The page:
Designing User-Friendly (Spanish) Lessons

Designing User-Friendly (Spanish) Lessons
Photo by Cottonbro studio/UCD

Tasked with doing a user-centered analysis for a technical writing course, I decided to do it for a video module for conjugating -ar Spanish verbs in the present tense that I had once created for yet another course. Doing a user-centered analysis of one of your own works is not much different from doing one on someone else’s.

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A module on the conjugation of -ar Spanish verbs in the present tense.

A user-centered design approach involves a series of steps. First, you will want to determine who the primary user(s) of your design will be. After determining the intended user of your design, you will next want to decide what problem you would like your design to solve for them or, according to Tony Ho Tran, asking, "What are my users' problems." After determining what problem you will help your users solve, you will next have to decide the most productive and efficient plan to help them solve it.

To decide upon the best plan to help your users solve their problem, you will want to conduct some level of research about your user(s) to get informed about the types of tasks they either would or should carry out to accomplish the intended goal. Next, you will then formulate your design in ways that make it more conducive to use by your specific user group. This last step is an iterative one. As users and potential resources change, so too should your design.

A diagram of the User-Centered Design Process
A diagram of the User-Centered Design Process/Lousco Services Incorporated

User-centered design does not end with the design of the original product. The user-centered design process informs us that we must continually evaluate our user group as well as their engagement with our design to produce an error-free design which results in the least amount of strain and the highest amount of success for our users.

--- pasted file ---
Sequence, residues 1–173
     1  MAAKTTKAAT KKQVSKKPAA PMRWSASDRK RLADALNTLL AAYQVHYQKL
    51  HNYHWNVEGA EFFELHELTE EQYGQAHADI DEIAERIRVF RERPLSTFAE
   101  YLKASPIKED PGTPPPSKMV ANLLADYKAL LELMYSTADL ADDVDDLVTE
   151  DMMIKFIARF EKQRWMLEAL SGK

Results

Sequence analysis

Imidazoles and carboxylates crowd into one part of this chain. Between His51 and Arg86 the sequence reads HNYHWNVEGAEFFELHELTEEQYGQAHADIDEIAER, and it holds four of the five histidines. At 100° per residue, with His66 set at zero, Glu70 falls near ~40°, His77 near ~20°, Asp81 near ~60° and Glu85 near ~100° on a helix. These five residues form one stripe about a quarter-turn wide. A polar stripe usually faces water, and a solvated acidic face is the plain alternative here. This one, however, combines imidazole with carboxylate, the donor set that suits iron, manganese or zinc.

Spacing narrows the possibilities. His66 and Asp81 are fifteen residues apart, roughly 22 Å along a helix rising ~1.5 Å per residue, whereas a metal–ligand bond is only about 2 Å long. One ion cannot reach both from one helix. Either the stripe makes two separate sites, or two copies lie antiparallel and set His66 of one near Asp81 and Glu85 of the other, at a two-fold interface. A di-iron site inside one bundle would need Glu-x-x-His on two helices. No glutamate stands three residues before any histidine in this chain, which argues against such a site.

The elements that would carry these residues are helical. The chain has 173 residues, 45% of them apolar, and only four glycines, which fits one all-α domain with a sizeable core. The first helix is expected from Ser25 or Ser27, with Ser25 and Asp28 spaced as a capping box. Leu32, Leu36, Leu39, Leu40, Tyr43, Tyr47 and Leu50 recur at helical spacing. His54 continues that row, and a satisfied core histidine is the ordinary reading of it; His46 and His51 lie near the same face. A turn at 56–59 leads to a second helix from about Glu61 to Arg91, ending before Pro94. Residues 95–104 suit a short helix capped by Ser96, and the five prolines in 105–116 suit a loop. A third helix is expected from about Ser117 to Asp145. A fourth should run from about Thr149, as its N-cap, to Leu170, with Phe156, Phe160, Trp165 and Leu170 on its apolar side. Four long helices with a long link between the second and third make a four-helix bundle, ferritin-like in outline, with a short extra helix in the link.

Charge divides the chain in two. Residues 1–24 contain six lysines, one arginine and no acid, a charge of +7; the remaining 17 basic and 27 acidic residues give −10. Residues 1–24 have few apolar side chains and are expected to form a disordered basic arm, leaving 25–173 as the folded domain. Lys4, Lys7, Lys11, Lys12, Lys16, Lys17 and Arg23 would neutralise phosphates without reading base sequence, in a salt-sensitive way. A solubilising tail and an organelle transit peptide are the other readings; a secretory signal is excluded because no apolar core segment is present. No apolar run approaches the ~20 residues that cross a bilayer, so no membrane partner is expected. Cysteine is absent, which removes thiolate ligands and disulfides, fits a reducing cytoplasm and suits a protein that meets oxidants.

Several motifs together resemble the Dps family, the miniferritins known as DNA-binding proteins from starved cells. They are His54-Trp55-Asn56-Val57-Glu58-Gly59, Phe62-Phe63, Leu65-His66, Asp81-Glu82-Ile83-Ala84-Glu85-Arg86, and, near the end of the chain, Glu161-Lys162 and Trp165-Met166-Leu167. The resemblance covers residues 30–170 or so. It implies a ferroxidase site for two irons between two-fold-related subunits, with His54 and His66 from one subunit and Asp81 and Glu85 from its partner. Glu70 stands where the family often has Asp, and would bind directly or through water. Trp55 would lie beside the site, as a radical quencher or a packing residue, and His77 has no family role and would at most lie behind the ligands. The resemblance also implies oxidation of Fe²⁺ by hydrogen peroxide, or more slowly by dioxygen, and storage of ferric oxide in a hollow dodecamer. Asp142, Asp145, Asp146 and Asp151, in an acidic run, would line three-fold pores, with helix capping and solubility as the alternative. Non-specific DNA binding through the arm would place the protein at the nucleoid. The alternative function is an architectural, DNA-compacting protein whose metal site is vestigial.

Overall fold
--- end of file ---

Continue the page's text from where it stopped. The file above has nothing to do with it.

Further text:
Part 1: User-Centered Analysis

1. The target audience for the video module that I created on the conjugation of -ar verbs in the present tense are prospective or actual students of Spanish. They are adults who are at least eighteen years old. They are either interested in being self-taught Spanish learners or are currently enrolled in an organized Spanish class and seeking additional resources.

2. I surveyed students who were willing to take part in the module. In addition to assessing the efficacy of the module, the survey was also intended to glean information about possible improvements needed for the module.

The survey was completed by emailing a link to several potential volunteers. These volunteers were made up of graduate students. Participants were asked to watch the module and complete the included activities. The module demands approximately 15-30 minutes to complete entirely.

A total of two volunteers agreed to participate in this pilot test of the module. While one rated the benefit of the module a 5 out of 5, the second ranked their benefit from the module as a 1 out of 5. I cannot report any changes that have been made as a result of this process. The same tester who reported that their noted benefit from the module was a 1 out of 5, also noted that nothing was missing from the module.